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Why We Celebrate Paderewski
Wednesday, October 28, 2015
By Joel Peterson, Paderewski Festival board member
When I received a phone call out of the blue nearly a decade ago from Steve Cass, I was immediately intrigued. He was talking excitedly about restarting the Paderewski Festival and wanted to see if I was interested. He had me at hello.
Why Paderewski? Certainly not an everyday household name, the Paderewski name was familiar to our family. My grandmother, Virginia Peterson, recognized this 30 years ago and saw the need to celebrate him. In the early 1990s she worked with the city’s Recreation Director Barbara Partridge and a dedicated group of volunteers to plan and execute an annual Paderewski Festival in Paso Robles.
I attended many of those festivals in the 90s – driving up from my Los Angeles home and walking into a sea of Polish-Americans, history buffs and locals. They celebrated Paderewski with passion and reverence – with concerts, zinfandel tastings, Polish dancing and tours of his property. Paderewski, for so many Poles, represented their dreams, freedom and independence. For a country that has been war torn and ravaged, their pride is deep and strong. Paderewski represents their unflinching patriotism and a tangible link to their homeland. That he had fallen in love with Paso Robles was a testament to the magic touch in this sleepy Central Coast town.
More Than a Musician. Paderewski was so much more than a gifted musician and pianist – though he was one of the best to walk the earth. Not long after he purchased property in Paso in 1914 - Rancho San Ignacio and Rancho Santa Helena - he essentially stopped touring for music and became the leader of his homeland, which was once again being invaded. Because of the war, he was forced into politics; he fought for justice with his relationships, intellect and influence.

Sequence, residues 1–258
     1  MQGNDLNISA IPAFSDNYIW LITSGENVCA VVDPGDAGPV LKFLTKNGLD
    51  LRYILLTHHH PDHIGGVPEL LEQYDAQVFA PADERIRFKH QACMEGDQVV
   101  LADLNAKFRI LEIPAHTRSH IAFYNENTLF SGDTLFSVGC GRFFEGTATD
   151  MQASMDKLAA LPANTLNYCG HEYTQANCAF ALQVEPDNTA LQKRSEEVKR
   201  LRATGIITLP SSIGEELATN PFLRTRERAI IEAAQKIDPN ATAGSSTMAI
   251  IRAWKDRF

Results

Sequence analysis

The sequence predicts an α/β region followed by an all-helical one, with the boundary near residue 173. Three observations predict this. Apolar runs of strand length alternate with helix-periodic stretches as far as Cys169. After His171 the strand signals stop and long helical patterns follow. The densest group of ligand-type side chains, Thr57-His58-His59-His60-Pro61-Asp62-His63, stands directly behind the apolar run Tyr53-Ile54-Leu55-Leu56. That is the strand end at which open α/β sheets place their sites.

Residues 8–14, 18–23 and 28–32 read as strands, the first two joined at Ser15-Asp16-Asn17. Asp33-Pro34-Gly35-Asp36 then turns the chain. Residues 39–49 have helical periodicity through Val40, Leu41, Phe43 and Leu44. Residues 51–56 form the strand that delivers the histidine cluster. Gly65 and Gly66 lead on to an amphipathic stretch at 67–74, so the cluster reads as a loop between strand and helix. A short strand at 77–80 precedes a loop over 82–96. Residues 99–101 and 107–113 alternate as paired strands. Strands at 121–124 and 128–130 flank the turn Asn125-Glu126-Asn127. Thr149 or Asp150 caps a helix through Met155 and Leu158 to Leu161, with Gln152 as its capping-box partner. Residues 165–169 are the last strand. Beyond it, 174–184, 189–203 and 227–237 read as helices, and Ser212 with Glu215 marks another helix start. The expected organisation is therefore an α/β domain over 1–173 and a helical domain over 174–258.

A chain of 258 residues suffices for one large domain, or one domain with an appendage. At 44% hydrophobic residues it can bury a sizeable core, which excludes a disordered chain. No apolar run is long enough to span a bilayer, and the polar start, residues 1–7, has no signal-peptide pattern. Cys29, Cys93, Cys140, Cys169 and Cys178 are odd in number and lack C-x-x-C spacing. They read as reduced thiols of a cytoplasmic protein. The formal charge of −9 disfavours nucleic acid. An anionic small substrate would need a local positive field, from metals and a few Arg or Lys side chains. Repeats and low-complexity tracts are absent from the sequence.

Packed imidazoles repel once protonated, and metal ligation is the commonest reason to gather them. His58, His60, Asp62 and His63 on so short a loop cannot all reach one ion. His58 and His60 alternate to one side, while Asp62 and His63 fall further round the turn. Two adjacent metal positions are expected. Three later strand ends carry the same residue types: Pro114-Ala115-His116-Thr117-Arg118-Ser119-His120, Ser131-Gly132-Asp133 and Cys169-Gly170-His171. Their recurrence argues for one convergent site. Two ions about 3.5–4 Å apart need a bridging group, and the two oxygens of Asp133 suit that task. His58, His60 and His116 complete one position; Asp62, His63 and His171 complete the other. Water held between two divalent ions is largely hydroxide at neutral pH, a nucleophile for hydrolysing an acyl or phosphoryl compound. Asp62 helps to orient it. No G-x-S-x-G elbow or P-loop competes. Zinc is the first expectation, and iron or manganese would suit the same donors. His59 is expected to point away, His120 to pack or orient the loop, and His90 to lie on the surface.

World Influence. From 1915 to 1918, Paderewski would give over 300 speeches and lecture-recitals, soliciting support for Polish casualties of World War I and rallies worldwide on behalf of Polish independence. He helped raise millions of dollars in aid for Poland, working with US President Wilson and Herbert Hoover. In 1918, as the representative of Poland, he signed the Versailles Treaty, which restored Polish sovereignty after more than 120 years. The following year, he became the first Prime Minister of independent Poland, as well as the Minister of Foreign Affairs. He visited Paso Robles for over 25 years from 1914 to 1939.
The Festival Today. I’m happy to say that today - in 2015, we are still celebrating Paderewski with a stellar line-up of concerts, youth recitals, film screenings, displays and master classes. From November 5 to 8 in Paso Robles, we take an autumn weekend to honor the legacy of this remarkable individual. I encourage you to attend one or all of the events – they are memorable and fun. They are for everybody – locals, families, music lovers and fans of history. For me they are inspiring and help me recall an earlier time in Paso. I remember that phone conversation with Steve Cass like it was yesterday, and I’m so glad he called me.
Joel Peterson has had two careers; one in film & television production and one in wine. After leaving Los Angeles for Paso Robles in 2003, he worked for Hope Family Wines for nearly nine years. In 2013, Joel became the director of communications for Solterra Strategies, a marketing and public relations firm in Paso Robles. He currently serves on the Paso Robles Joint Unified School Board and on the Paderewski Festival Board, where he served as president from 2007 to 2011.